Friday’s Florals: Leonotis Leonurus – Lion’s Tail

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Good early part from a warmer and drier Hastings sunshine.  I have my Social Snappers clump today and we are heading into the bargain to Havelock North to a course for some water photography.  My assemblage is growing and we are indeed enjoying discovering new sights around where we live.  One of the ladies has got a repaired camera so wants me to aid her learn about it.

Last Wednesday one of the ladies from my cluster and I headed over to Napier to the Centennial Gardens.  The pass to windward of turned lousy on us but in that place is a big waterfall there with equal rea~n I was able to work in successi~ some long exposures.

I also found this plant there – and which time I looked it up I was surprised to contribute out it’s properties on Wikipedia.

Leonotis leonurus, too known as lion’s tail and fanciful dagga, is a plant species in the Lamiaceae (produce) family. The plant is a broadleaf evergreen copious shrub native to South Africa and south Africa, where it is very habitual.[2] It is known for its medical and mild psychoactive properties. The the gross psychoactive component of Leonotis leonurus is leonurine.

Lions Mane-002

n its mother habitats Leonotis leonurus attracts nectivorous birds (absolutely sunbirds), as well as various insects so as butterflies. The flowers’ mainly orange to orange-red colour and tubular shape are indicative of its co-expansion with African sunbirds, which have curved bills suited to feeding from tubular flowers.

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This photo was taken at Frimley Gardens and the butterflies are furious about it.  Now I be assured of why.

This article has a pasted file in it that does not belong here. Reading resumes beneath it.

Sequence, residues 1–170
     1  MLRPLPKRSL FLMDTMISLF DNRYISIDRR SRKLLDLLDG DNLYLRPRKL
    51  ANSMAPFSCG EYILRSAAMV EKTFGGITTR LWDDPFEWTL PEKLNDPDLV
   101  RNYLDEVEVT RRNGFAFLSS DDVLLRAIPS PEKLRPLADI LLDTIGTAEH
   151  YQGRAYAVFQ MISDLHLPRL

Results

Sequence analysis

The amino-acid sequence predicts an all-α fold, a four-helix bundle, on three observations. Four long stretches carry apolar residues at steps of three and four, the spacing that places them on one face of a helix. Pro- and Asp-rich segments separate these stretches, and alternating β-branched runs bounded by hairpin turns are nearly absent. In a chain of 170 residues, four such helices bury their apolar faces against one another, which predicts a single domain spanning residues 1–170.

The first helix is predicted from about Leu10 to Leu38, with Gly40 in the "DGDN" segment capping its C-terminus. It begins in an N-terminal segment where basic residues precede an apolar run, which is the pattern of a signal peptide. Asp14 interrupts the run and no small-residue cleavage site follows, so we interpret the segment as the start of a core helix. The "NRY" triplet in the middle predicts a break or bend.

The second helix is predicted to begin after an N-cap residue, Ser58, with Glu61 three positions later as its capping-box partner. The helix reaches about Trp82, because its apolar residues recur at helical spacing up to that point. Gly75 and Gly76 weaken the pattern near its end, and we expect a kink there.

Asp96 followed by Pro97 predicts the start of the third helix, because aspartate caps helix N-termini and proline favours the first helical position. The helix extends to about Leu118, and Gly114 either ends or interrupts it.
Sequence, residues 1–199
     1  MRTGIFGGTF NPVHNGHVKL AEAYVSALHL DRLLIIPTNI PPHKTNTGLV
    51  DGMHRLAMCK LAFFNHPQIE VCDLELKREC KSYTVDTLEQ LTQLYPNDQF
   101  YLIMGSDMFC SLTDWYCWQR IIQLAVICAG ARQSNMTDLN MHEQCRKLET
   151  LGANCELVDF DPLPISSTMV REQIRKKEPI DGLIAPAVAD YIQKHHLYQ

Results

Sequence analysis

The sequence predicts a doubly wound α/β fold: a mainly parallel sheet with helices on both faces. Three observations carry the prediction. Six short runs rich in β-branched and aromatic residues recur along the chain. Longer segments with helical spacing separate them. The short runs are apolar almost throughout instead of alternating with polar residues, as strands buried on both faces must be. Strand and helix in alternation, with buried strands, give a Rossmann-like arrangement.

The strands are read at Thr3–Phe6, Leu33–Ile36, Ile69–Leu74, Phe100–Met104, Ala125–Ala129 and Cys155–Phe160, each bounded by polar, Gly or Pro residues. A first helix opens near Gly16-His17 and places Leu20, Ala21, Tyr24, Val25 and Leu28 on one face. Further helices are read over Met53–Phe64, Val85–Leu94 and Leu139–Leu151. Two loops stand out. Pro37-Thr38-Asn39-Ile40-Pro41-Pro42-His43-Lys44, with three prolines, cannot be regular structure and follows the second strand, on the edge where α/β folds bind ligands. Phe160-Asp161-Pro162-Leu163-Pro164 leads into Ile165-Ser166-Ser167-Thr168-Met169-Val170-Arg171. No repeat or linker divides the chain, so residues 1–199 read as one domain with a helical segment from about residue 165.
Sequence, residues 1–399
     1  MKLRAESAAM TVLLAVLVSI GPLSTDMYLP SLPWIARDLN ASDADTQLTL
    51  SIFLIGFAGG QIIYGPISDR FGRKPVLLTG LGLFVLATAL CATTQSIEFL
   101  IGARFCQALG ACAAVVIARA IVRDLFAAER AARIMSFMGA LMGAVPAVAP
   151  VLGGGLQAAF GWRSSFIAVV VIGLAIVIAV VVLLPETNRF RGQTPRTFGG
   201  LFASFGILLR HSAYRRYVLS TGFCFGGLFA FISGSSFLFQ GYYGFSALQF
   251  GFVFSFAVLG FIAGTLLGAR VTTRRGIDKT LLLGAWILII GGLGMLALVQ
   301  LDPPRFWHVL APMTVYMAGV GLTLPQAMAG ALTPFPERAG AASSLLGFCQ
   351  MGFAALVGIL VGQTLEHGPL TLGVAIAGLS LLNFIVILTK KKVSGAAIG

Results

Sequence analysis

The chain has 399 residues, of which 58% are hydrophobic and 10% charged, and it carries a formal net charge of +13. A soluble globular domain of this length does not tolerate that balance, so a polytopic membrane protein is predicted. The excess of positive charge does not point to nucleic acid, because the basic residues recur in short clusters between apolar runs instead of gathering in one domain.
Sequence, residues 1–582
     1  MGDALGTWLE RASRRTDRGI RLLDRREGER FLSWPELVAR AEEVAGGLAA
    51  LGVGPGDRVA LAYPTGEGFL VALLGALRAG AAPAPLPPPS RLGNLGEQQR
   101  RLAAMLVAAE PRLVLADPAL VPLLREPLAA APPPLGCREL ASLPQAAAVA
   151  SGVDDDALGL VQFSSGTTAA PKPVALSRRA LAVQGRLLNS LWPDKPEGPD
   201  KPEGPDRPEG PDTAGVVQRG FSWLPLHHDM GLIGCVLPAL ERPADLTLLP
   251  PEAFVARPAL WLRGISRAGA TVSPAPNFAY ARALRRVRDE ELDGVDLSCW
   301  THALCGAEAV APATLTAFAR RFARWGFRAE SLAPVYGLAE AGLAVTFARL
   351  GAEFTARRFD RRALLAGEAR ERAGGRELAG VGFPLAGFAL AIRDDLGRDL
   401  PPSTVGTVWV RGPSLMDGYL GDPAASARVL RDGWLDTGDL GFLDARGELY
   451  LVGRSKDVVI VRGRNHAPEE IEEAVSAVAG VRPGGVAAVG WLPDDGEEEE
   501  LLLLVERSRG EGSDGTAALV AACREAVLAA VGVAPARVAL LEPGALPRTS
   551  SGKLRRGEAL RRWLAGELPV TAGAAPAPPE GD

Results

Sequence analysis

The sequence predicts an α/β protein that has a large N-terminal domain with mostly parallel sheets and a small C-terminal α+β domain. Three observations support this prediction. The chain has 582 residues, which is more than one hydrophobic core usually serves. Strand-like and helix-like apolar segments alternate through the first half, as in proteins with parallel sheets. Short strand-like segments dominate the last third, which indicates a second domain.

Recreational uses

The dried leaves and flowers have a mild calming fact when smoked. In some users, the movables have been noted to be homogeneous to the cannabinoid THC found in Cannabis, leaving out that it has a much less potent high.[6][unreliable source?] It has too been reported to cause mild euphoria, of the eye changes, dizziness, nausea, sweating, sedation and lightheadedness.

It is formerly used as a Cannabis substitute ~ dint of. recreational users as an alternative to illicit psychoactive plants. Leonotis leonorus is not currently scheduled under federal law in the United States.

The sharp and dried leaves are also commonly brewed like a tea.

Maybe I should shirk around and take some leaves to unembellished to make some tea??????

Toxicology and pharmacology

An created being study in rats indicated that in occult doses, lion’s tail has significant toxicological adverse effects on organs, red relations cells, white blood cells and other important bodily functions. Acute toxicity tests in animals caused end of life for those receiving 3200 mg/kg prescribed portion . At 1600 mg/kg extract led to changes in red descent cells, hemoglobin concentration, mean corpuscular quantity, platelets, and white blood cells. [4]

One tried animal study suggests that the watery leaf extract of Leonotis leonurus possesses antinociceptive, antiinflammatory, and hypoglycemic properties.[5]

Leonurine has the pair antioxidant and cardioprotective propertiesand shown to significantly improve myocardial execution (XinHua, 2010).

But it seems individual must be careful.

Friday's Florals

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Copyright Raewyn Forbes

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